Yesterday, a student contacted me with a concern that is common among those taking courses in the social sciences and humanities. This particular student is enrolled in an online criminology class taught by a leftist professor. During a discussion of the Black Lives Matter movement, one of the more conservative students in her class used the phrase “all lives matter.” Predictably, the leftist professor objected. But he went even further by repeatedly accusing the student of racism. To make matters worse, the ad hominem attacks were made in front of all the students enrolled in the course. It was part of an online class “discussion.”
Although the student who contacted me was not the one attacked, she wanted to know how to confront the professor who was so clearly out of line. She was understandably reticent to express her own views after seeing a fellow student attacked in the middle of class discussion. Given the importance of the issue, I am printing my response to the student to help other students who are similarly attacked or intimidated in the classroom:
Dear Amber: The first thing to remember about responding to a false accuser is what not to do. Above all, you must resist the temptation to accuse the professor of harassment or of breaking the campus speech code. That is what leftists do and it is wrong. The best way to respond to bad speech is with better speech, not censorship.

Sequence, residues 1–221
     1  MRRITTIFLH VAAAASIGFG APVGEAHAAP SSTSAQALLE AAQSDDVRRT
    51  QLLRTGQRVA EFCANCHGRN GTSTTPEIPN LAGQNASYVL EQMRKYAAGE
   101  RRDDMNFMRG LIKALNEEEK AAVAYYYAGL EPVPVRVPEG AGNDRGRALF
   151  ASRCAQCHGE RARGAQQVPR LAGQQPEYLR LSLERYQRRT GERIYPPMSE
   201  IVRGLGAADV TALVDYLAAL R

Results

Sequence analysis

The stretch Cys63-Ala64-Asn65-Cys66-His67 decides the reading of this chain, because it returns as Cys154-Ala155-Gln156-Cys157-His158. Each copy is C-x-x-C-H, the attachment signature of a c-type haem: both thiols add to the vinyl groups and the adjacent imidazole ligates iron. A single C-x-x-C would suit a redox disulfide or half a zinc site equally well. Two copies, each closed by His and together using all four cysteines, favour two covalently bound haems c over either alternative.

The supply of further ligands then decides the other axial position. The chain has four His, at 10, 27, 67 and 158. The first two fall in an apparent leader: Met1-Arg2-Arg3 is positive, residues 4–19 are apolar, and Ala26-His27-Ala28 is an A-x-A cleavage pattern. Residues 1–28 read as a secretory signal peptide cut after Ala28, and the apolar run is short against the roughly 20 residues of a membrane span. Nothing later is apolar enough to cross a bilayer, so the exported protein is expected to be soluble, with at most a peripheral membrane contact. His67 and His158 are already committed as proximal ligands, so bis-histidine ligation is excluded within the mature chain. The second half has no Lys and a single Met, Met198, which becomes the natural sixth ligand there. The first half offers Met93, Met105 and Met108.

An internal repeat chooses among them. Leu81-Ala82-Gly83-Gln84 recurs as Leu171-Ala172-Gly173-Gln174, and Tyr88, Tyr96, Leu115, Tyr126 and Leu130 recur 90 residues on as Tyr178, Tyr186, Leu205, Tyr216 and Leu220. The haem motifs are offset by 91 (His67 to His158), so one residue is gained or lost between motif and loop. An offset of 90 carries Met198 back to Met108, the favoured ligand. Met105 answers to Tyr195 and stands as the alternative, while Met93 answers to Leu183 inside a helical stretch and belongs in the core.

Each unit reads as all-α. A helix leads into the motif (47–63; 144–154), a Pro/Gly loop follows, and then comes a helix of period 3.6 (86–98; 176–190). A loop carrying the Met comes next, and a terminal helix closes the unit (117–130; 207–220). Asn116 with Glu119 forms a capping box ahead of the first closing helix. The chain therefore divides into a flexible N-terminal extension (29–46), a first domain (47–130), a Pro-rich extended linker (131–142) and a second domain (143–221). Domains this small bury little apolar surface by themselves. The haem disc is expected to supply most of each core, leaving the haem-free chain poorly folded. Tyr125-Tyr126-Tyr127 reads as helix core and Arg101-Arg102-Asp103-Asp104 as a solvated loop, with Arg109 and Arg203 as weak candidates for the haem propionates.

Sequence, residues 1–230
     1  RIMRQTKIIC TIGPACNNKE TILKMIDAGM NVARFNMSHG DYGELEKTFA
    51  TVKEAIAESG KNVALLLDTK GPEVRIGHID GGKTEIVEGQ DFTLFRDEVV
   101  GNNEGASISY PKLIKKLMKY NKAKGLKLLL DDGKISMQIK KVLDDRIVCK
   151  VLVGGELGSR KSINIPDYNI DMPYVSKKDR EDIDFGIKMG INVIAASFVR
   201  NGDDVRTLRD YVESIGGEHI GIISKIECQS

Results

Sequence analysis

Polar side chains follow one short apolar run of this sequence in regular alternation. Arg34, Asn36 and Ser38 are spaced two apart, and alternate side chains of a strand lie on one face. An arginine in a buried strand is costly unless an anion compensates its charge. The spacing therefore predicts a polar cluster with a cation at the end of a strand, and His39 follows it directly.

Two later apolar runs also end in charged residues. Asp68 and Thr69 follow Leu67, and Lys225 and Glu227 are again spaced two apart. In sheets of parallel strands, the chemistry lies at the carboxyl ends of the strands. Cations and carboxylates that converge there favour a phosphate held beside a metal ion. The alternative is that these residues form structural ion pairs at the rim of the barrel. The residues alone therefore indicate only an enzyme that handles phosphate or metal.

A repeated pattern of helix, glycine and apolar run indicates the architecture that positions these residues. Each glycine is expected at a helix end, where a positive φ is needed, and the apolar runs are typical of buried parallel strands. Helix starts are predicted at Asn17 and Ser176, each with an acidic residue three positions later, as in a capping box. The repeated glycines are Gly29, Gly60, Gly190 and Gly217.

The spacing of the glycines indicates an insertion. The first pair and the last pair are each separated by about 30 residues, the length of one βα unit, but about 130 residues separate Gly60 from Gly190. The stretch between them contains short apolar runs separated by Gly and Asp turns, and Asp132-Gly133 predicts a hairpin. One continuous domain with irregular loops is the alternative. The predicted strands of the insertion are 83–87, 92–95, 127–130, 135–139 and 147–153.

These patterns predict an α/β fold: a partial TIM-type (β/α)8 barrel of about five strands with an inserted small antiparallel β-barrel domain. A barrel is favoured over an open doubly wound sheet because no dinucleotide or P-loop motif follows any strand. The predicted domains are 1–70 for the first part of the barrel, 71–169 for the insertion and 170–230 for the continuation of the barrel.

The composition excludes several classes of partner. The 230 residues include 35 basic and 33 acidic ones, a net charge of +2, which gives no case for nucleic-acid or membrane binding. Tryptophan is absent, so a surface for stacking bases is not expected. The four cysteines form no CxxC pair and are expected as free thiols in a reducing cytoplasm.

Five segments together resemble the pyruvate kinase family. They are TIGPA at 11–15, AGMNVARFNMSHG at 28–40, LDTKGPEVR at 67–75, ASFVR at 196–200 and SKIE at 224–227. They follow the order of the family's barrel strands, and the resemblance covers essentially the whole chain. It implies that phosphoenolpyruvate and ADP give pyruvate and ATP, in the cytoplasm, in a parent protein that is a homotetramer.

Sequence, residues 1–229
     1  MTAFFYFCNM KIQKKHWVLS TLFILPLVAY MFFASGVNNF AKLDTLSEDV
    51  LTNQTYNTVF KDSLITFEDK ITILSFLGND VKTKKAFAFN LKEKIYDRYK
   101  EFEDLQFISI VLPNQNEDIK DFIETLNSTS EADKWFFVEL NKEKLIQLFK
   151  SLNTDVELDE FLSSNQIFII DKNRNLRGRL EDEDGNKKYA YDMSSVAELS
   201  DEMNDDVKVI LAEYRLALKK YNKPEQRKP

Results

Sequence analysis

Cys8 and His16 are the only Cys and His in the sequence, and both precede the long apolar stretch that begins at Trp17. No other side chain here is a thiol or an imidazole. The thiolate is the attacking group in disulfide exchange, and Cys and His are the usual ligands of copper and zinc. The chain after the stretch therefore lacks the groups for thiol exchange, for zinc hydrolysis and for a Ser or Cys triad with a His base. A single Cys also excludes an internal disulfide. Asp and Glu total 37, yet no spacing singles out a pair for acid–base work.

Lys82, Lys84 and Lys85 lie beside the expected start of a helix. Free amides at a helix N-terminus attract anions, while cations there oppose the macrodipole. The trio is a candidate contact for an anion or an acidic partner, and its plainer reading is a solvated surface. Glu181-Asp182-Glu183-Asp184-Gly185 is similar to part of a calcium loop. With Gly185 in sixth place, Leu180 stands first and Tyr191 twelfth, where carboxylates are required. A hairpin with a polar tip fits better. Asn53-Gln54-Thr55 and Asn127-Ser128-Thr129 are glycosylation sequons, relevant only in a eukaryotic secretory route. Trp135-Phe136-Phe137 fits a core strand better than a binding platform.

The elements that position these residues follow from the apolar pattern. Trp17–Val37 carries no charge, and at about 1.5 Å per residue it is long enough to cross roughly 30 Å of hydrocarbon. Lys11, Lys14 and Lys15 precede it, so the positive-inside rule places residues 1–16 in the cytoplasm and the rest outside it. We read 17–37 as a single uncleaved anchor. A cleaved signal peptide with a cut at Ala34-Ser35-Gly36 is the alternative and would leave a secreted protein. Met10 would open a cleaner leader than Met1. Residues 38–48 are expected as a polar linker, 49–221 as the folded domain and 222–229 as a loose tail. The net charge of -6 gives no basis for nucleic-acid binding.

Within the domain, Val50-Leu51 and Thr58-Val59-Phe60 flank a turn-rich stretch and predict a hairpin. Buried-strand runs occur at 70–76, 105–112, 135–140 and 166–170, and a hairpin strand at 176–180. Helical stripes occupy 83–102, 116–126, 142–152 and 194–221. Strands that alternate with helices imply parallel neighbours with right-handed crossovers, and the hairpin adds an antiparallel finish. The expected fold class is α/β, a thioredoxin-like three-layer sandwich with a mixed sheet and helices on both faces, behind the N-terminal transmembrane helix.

Furthermore, you need to respond to accusations of racism with questions rather than assertions. Here are the three questions you need to ask. William Wilbanks, author of The Myth of a Racist Criminal Justice System, inspired the first two questions. Greg Koukl, author of the book Tactics, inspired the third:
1. What do you mean by racism? First of all, you need to realize that academic leftists rarely understand the terms they are using when they attack conservatives. Racism is a specific belief that races can be ranked according to genetically inherited characteristics. For example, when a white supremacist takes a racist view of blacks he is really saying that they are genetically inferior. This genetic inferiority allegedly manifests itself in lower intelligence, which, in turn, translates into other undesirable characteristics such as sloth and a propensity toward crime.
If the professor cannot supply the correct definition of racism after he has used the term then he makes a complete fool of himself. If he can supply the correct definition, this leads to an even bigger problem, which we will explore with the second question.
2. How does racism apply to the situation at hand? If the professor does happen to know the real definition of racism then he’s in quite a pickle here. You can ask the professor “How exactly does the assertion that ’all lives matter’ (read: all lives have equal value) translate into the notion that certain categories of people are genetically inferior to other categories of people?”
3. Have you ever considered the following? After showing that the professor doesn’t know the meaning of the words he is using and has no evidence to support his position his credibility is decimated. Now it is time to move in for the kill.
There are a lot of options here. For example, one could simply ask, “Have you ever considered that the statement ‘all lives matter’ is fundamentally anti-racist?” Asking, “Are you at all concerned that by opposing an anti-racist statement you align yourself with the true racists” would be a good follow-up question from which the professor could never recover.
In academia today, it is becoming increasingly difficult to distinguish the mentors from the protégés. Fortunately, exposing these incompetent professors is never more than a few well-placed questions away.